Anatomy of a Variable Name



Most users will follow a four-step process to use dySEM:

  1. Scrape Variable Information
  2. Script a Model
  3. Fit a Model
  4. Output Desired Values

Of these steps, scraping variable information is one of the most important, yet unintuitive, as researchers do not often take the process of naming their variables for granted.

In this short tutorial, we are going to focus on the patterns of repetition that are present in the variable names in many data sets, and provide a breakdown and vocabulary for the “anatomy” of these variable names. Understanding the elements that make up a variable name will therefore help you to apply more efficient names in your own dataset(s), and to navigate the scraping step of using dySEM more easily using a function like scrapeVarCross().

Effective Variable Name Styling

Try to remember the last spreadsheet of data you interacted with. Now think of the variables (i.e., columns) within it. The names of those variables could probably be categorized in terms of a few dimensions of styling, namely, the clarity and repetition of the variable name’s stem (i.e., the text content of the variable’s name). In terms of clarity, some variable name stems you thought of were probably ambiguous or cryptic (e.g., Q1, Q19_1)–you or someone else wouldn’t immediately be able to understand what kind of data was captured in that variable based on the stem alone.

Some Examples of Ambiguous Variable Names

Other variable name stems, meanwhile, were probably more intuitive. Variables corresponding to the 18 Experiences in Close Relationships survey items, for example, might be named using the intuitive acronym of ecr, which could be more immediately recognized and understood by someone familiar with the study.

Some Examples of Intuitive Variable Names

The second dimension, repetition, is sometimes so subtle you might not immediately recognize it as a feature of variable name stems (and an important feature at that!). Some variable names–even if they refer to a set of related variables–might be highly inconsistent or idiosyncratic. The same exemplar variables corresponding to the 18 Experiences in Close Relationships survey items might be named with different descriptive text in each variable name, or using different patterns of text casing or delimitation. This kind of inconsistent naming might strike you as unlikely to occur “in the wild”. We agree, and we have therefore developed dySEM accordingly, betting that they are the exception, not the rule. The point, however, is that inconsistent variable names are, strictly speaking, conceivable. But for the most part, we anticipate related variables will be named repetitiously: the stem, casing, and delimitation applied to one of many related variables will be applied to all.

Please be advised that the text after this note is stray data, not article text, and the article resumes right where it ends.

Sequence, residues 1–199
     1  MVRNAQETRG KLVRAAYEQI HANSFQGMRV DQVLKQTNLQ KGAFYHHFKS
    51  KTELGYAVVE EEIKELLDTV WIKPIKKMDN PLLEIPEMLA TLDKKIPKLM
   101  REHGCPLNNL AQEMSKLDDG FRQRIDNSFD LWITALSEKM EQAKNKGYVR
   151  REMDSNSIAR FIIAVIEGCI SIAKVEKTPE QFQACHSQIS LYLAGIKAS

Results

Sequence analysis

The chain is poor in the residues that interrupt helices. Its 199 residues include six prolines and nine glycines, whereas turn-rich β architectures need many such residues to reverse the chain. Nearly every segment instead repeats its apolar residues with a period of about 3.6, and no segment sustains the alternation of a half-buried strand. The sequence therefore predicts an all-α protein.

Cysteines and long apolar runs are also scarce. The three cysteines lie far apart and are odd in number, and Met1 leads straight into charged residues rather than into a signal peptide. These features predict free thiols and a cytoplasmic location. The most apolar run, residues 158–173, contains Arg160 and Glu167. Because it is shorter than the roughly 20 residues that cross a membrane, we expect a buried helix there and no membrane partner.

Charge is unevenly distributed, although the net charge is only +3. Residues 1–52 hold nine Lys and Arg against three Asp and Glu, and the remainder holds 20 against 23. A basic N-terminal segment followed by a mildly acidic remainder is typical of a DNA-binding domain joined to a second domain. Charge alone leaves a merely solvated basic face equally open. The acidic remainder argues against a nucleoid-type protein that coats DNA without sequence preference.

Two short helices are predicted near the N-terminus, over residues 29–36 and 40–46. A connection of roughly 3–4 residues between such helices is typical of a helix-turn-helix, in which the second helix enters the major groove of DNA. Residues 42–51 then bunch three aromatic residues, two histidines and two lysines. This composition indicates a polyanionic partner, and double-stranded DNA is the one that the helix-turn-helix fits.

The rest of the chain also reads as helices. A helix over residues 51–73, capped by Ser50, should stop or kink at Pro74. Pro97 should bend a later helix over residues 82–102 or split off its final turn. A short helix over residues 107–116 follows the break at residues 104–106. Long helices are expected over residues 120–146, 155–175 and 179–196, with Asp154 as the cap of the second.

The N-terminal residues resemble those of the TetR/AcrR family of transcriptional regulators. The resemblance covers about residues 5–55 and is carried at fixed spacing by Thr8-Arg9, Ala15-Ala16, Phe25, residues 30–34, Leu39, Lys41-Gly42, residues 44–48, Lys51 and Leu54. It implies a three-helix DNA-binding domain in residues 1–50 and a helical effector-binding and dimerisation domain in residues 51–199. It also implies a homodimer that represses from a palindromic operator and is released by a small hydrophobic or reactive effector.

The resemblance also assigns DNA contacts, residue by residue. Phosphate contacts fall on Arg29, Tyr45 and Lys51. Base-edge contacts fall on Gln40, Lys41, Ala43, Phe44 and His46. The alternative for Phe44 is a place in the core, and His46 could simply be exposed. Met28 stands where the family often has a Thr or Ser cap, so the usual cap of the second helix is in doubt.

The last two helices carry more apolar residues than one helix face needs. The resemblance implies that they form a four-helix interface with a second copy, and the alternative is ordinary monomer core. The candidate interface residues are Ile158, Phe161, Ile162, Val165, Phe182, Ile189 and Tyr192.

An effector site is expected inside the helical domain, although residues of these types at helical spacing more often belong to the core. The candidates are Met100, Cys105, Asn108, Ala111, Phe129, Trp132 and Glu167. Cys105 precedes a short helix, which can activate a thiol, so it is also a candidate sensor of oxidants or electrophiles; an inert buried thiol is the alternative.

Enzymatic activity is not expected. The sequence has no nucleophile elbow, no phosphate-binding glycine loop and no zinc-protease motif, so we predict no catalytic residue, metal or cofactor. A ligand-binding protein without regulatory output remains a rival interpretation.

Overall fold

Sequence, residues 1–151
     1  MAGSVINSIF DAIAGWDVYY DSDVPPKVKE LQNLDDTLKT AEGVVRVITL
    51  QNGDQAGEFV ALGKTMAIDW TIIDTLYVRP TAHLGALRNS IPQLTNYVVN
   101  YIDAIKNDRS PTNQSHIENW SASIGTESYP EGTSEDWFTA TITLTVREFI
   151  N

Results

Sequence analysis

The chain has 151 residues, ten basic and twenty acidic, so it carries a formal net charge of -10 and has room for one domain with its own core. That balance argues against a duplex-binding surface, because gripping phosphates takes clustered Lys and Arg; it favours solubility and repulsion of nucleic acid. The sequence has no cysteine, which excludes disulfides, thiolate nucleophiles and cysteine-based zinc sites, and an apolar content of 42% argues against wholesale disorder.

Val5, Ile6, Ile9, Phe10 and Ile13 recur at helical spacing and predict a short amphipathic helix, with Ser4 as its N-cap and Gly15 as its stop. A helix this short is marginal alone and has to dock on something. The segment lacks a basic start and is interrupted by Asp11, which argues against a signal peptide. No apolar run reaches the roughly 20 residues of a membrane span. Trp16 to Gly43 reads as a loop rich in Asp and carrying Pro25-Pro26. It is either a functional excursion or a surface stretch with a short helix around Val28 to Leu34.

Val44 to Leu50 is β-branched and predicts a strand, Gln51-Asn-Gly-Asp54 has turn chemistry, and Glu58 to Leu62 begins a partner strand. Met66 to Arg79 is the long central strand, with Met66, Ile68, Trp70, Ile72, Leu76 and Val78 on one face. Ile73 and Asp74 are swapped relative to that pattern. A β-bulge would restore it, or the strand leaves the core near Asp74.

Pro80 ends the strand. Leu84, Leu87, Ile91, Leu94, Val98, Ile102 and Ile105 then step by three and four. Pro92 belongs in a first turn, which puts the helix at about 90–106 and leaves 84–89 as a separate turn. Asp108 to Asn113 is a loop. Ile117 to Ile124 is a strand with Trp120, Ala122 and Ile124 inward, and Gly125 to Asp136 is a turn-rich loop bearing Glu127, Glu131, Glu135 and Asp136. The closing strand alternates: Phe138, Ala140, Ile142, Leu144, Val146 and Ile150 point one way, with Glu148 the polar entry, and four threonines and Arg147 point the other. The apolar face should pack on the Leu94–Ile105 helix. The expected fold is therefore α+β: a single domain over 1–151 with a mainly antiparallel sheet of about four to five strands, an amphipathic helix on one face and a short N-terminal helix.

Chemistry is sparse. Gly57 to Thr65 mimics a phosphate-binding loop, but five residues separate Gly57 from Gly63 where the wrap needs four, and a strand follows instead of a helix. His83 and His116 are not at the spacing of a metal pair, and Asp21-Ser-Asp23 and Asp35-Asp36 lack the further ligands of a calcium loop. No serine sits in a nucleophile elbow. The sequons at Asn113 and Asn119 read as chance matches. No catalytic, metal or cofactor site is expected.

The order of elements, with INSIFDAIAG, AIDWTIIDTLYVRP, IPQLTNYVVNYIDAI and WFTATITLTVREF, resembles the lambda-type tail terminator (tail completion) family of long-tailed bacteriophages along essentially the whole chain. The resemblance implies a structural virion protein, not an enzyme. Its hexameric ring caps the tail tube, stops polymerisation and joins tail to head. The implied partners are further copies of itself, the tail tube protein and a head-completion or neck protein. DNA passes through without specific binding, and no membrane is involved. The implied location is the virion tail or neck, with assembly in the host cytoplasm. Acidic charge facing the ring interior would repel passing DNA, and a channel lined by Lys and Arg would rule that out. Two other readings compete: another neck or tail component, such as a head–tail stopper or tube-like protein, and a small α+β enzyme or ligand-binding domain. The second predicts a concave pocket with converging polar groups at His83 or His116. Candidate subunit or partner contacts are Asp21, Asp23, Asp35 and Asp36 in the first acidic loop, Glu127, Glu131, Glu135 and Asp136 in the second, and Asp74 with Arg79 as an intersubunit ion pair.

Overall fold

Some Examples of Inconsistent (oh, the horror) and Consistent Variable Names

These two dimensions of variable name styling play important, but different, roles when scraping variable information via dySEM. Clear names are not essential for scraping functions (e.g., scrapeVarCross()) to work properly, but they will make for quicker and less error-prone coding. Repetitious names, meanwhile, are (for now, at least) essential for scraping functions. Thus, be sure to export or prepare your dataset in such a way that the related set(s) of variables you intend to use in dySEM have repetitious names.

Double-Trouble with Dyadic Variable Names

Variable names get a bit more complicated in the context of “dyad” (KENNY REF) or “=ide” (MLM REF) datasets, because these datasets contain the same variable twice, in two different columns: one for each member of a dyad.

Each variable needs its own unique name, and so typically, dyad datasets involve appending a distinguishing character(s) or number(s) to make clear to which partner’s value a given variable refers. These distinguishers come in one of two varieties, corresponding to the type of dyads under study. If the dyads in the dataset are “indistinguishable”–that is, there’s no systematic and consistent way to assign dyad members to a particular role (e.g., friends, coworkers)–then distinguishers are usually arbitrary in name and designation. For example, some partner’s variables might be given the distinguisher “1” or “A”, while the other partner’s variables might be given the distinguisher “2” or “B”. The particular two distinguishers selected in these cases ultimately do not matter (as they do not convey any meaningful role-based information), as long as they are applied repetitiously between dyad members.